Open-ended private market funds have potential for being more attractive to UK local authority pension funds, the Pensions and Lifetime Savings Association local authority conference heard on Tuesday.

Speaking at the conference, head of pensions and treasury at the London Borough of Haringey, Tim Mpofu, said that his scheme finds a number of things “attractive” about private markets.

Firstly, Mpofu said the longevity of the investment is appealing to the scheme’s “long-term investment horizon” pointing out that Haringey wants assets to be still available in 20 years time.

Mpofu added that the Haringey scheme has low liquidity being an open scheme and growth assets play “quite an important role” within the scheme’s investment strategy. But he said that this strategy is “particularly attractive” around “income generation”.

He said: “If you’re able to do some cash flow modelling, that might be something that might help as a front in terms of making sure that you’re able to pay those pensions on time.”

However, Mpofu said that one area that has been a concern for the scheme in terms of making allocations is that over time there “tends to be a mismatch” between valuation of liabilities.

He added that it is also “quite confusing” to understand why a scheme is investing in these assets.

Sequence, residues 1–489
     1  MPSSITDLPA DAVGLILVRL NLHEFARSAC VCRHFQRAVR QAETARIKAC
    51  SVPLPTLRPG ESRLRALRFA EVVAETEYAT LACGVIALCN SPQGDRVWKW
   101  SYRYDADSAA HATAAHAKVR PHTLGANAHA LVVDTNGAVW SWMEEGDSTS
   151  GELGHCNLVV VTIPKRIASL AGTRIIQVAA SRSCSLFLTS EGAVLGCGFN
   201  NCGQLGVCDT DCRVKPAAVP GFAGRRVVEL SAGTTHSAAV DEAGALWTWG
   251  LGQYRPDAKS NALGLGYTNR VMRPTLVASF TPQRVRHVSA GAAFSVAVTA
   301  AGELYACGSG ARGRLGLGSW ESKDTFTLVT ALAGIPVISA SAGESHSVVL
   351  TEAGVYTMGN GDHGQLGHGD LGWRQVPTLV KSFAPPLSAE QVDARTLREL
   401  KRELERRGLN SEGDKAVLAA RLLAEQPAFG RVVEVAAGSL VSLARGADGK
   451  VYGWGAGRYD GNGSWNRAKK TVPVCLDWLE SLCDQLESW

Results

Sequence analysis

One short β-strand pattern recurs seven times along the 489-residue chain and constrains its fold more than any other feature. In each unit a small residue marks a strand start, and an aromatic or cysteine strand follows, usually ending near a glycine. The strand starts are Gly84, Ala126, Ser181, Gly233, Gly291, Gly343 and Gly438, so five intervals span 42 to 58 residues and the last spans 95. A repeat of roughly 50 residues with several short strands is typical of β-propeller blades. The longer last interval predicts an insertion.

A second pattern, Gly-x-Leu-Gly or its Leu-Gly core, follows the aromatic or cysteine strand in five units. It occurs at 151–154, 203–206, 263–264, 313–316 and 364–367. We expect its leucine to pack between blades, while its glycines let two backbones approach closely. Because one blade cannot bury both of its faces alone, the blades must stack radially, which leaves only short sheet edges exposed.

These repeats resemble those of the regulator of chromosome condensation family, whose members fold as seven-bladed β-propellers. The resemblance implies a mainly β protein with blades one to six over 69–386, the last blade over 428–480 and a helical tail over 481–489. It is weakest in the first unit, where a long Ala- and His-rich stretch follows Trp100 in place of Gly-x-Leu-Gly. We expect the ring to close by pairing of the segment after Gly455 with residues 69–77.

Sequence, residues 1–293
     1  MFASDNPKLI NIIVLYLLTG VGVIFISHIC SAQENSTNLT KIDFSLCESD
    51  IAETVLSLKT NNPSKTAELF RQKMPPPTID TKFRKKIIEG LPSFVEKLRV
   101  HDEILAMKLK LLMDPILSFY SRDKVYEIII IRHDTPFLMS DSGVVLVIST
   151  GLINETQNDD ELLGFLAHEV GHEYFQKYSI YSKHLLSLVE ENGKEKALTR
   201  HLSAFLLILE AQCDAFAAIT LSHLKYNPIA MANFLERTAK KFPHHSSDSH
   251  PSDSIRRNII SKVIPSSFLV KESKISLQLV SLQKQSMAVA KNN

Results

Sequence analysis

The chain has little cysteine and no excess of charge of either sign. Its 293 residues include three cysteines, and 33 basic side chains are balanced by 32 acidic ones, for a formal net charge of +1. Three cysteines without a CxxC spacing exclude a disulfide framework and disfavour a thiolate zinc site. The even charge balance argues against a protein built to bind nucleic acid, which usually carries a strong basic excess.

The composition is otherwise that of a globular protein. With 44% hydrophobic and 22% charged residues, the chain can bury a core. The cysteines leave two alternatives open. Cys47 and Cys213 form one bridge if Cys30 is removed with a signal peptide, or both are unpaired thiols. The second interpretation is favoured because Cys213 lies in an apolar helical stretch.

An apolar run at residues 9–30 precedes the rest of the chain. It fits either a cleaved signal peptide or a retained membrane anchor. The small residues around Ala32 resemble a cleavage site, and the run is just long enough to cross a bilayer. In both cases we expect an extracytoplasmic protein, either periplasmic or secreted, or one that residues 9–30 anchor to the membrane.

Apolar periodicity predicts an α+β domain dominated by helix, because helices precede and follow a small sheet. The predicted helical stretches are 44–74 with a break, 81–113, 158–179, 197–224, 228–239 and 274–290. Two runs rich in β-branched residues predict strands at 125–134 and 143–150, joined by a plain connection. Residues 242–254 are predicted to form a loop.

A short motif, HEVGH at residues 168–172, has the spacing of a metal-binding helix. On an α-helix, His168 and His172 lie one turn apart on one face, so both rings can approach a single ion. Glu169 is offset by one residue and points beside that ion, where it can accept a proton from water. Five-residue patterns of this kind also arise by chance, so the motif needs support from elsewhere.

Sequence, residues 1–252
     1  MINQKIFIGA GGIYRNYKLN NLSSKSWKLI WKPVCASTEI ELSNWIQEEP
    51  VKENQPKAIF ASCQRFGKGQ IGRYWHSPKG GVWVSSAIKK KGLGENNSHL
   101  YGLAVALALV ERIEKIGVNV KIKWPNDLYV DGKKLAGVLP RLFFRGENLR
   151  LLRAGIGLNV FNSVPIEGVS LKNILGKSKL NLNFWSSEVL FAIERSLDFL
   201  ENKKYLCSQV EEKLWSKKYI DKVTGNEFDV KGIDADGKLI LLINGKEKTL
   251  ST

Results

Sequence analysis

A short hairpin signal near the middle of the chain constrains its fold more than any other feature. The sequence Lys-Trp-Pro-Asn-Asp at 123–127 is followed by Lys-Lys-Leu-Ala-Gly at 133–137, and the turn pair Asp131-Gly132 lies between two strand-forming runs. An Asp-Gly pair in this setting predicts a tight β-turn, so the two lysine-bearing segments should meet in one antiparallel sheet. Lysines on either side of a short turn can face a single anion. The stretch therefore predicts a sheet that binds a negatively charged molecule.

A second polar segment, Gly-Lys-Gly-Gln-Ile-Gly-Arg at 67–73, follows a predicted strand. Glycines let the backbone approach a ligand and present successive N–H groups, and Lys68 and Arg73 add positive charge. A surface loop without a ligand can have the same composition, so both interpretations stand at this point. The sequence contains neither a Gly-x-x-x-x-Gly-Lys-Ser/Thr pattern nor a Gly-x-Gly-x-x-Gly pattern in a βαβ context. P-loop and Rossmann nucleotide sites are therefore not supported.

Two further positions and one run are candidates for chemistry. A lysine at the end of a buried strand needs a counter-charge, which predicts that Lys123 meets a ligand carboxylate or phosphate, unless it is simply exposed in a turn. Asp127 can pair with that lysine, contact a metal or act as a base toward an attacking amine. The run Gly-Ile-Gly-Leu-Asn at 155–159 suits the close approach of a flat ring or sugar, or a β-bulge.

“There’s an education piece that needs to be done. By the time you’ve completed that you’re probably moving on to a new valuation cycle and maybe the landscape has changed. So that’s been quite an issue in terms of just getting over the hurdle, in terms of our engagement with the members,” he explained.

Close-ended strategies

Mpofu added that another challenge is that a lot of strategies are still close-ended. As a result, an investment committee “is always having to make decisions in terms of how to allocate the strategies”, he noted.

He pointed out that there is some innovation in the market around open-ended strategies, adding that this is something that would be “attractive” to Haringey Pension Fund because decisions only need to be made once, allowing the scheme to treat it like any other asset class in terms of topping up their investment or making further allocations.

Nemashe Sivayogan, head of treasury and pensions at London Borough of Merton, agreed with Mpofu that open-ended funds would make private markets more attractive.

One of the reasons for that is that private market valuations “take time” and are “complex”.

“I would expect the fund managers to be more user friendly in terms of how they explain [the asset class] to the committee members and also [be more transparent] on the reporting and how they value their asset classes,” she said.

Sengal Selassie, chief executive officer and founder of Brightwood, pointed out that the financial market is definitely evolving and open-ended funds, also known as evergreen funds, are becoming more part of the landscape.

“Most managers are now integrating evergreen funds into their offering,” he said, pointing out that there are “various flavours of that” but effectively these funds allow pension funds to decide when to enter and when to exit.

He added that there will continue to be innovation on this front.

Read the digital edition of IPE’s latest magazine